[bitcoin-dev] Bitcoin Cash's new difficulty algorithm
wordsgalore at gmail.com
Fri Nov 3 01:59:47 UTC 2017
The current DA is only sufficient if the coin has the highest
hashpower. It's also just really slow. If miners somehow stick with
SegWit2x despite the higher rewards in defecting back to bitcoin, then
bitcoin will have long block delays. High transaction fees will
probably help them defect back to us. But if SegWit2x manages to be
more comparable in price than BCH (despite the futures), hashpower
could very well oscillate back and forth between the two coins,
causing delays in both of them. The first one to hard fork to fix the
difficulty problem will have a large advantage, as evidenced by what
happens in alts. In any event someday BTC may not be the biggest kid
on the block and will need a difficulty algorithm that alts would find
acceptable. Few alts use anything like BTC's because they are not able
to survive the resulting long delays. I am recommending BTC
developers watch what happens as BCH goes live with a much better
algorithm, in case BTC needs to hard fork for the same reason and
needs a similar fix. Ignore the trolls.
On Thu, Nov 2, 2017 at 7:39 PM, CryptAxe <cryptaxe at gmail.com> wrote:
> Is there an issue with the current difficulty adjustment algorithm? It's
> worked very well as far as I can tell. Introducing a new one seems pretty
> risky, what would the benefit be?
> On Nov 2, 2017 4:34 PM, "Scott Roberts via bitcoin-dev"
> <bitcoin-dev at lists.linuxfoundation.org> wrote:
>> Bitcoin cash will hard fork on Nov 13 to implement a new difficulty
>> algorithm. Bitcoin itself might need to hard fork to employ a similar
>> algorithm. It's about as good as they come because it followed the
>> "simplest is best" route. Their averaging window is probably
>> significantly too long (N=144). It's:
>> next_D = sum (past 144 D's) * T / sum(past 144 solvetimes)
>> They correctly did not use max(timestamp) - min(timestamp) in the
>> denominator like others do.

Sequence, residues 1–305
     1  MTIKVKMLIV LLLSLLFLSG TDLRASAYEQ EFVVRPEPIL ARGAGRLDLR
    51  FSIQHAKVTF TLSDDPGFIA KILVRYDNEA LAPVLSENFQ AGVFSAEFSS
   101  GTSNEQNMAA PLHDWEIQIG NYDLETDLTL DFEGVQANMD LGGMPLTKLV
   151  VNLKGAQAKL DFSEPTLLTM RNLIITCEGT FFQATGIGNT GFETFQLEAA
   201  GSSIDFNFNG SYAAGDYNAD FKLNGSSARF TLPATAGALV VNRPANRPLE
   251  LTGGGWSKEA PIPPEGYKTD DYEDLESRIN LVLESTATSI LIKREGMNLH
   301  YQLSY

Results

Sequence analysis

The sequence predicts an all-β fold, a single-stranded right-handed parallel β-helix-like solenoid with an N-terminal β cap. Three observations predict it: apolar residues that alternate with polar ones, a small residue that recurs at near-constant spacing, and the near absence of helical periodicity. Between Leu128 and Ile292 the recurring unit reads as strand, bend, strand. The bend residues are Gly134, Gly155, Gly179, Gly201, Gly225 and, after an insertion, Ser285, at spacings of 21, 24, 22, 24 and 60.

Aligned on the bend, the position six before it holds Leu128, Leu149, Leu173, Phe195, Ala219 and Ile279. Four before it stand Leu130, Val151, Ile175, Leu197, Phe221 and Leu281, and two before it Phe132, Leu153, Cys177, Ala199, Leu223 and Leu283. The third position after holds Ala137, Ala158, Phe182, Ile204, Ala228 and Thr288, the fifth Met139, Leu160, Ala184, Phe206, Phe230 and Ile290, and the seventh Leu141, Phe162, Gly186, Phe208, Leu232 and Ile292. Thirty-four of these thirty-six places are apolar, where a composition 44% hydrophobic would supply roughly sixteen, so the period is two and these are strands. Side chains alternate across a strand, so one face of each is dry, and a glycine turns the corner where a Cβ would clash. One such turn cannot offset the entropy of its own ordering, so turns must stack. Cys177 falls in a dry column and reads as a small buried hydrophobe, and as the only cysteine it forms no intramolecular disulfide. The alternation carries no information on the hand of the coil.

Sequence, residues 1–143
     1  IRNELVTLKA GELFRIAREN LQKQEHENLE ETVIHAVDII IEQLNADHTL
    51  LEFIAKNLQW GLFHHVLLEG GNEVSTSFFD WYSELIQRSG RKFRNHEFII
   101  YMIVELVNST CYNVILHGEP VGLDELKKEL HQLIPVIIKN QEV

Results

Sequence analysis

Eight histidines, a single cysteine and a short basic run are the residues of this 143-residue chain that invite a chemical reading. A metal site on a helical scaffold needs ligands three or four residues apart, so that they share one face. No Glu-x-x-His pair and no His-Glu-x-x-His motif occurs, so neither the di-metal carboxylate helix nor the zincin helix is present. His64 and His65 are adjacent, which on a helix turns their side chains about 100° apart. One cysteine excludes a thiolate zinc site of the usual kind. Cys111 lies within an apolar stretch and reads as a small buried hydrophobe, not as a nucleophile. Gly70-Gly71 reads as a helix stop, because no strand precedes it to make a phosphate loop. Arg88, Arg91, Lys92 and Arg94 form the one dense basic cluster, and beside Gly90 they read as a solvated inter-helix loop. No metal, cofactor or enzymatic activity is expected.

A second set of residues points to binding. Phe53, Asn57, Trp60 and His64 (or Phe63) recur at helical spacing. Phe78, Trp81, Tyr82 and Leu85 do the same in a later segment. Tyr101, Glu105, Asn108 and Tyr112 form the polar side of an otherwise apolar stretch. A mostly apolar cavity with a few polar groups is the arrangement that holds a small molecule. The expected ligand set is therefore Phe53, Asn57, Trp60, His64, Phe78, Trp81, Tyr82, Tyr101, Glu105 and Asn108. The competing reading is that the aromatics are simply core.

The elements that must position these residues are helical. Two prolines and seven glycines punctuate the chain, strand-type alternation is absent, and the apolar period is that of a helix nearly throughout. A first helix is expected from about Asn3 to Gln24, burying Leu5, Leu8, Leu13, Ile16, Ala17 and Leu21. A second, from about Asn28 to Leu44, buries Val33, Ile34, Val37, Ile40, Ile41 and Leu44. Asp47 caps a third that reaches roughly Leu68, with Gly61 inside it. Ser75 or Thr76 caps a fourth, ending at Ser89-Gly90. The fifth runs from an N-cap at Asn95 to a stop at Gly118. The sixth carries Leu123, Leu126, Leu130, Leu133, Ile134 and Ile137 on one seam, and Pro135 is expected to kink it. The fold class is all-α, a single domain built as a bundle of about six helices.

>> They've written the code and they're about to use it live, so Bitcoin
>> will have a clear, simple, and tested path if it suddenly needs to
>> hard fork due to having 20x delays for the next 2000 blocks (taking it
>> a year to get unstuck).
>> Details on it and the decision process:
>> It uses a nice median of 3 for the beginning and end of the window to
>> help alleviate bad timestamp problems. It's nice, helps a little, but
>> will also slow its response by 1 block. They also have 2x and 1/2
>> limits on the adjustment per block, which is a lot more than they will
>> ever need.
>> I recommend bitcoin consider using it and making it N=50 instead of 144.
>> I have seen that any attempts to modify the above with things like a
>> low pass filter, starting the window at MTP, or preventing negative
>> timestamps will only reduce its effectiveness. Bitcoin's +12 and -6
>> limits on the timestamps are sufficient and well chosen, although
>> something a bit smaller than the +12 might have been better.
>> One of the contenders to the above is new and actually better, devised
>> by Degnr8 and they call it D622 or wt-144.It's a little better than
>> they realize. It's the only real improvement in difficulty algorithms
>> since the rolling average. It gives a linearly higher weight to the
>> more recent timestamps. Otherwise it is the same. Others have probably
>> come across it, but there is too much noise in difficulty algorithms
>> to find the good ones.
>> # Degnr8's D622 difficulty algorithm
>> # T=TargetTime, S=Solvetime
>> # modified by zawy
>> for i = 1 to N (from oldest to most recent block)
>> t += T[i] / D[i] * i
>> j += i
>> next i
>> next_D = j / t * T
>> I believe any modification to the above strict mathematical weighted
>> average will reduce it's effectiveness. It does not oscillate anymore
>> than regular algos and rises faster and drops faster, when needed.
>> bitcoin-dev mailing list
>> bitcoin-dev at lists.linuxfoundation.org
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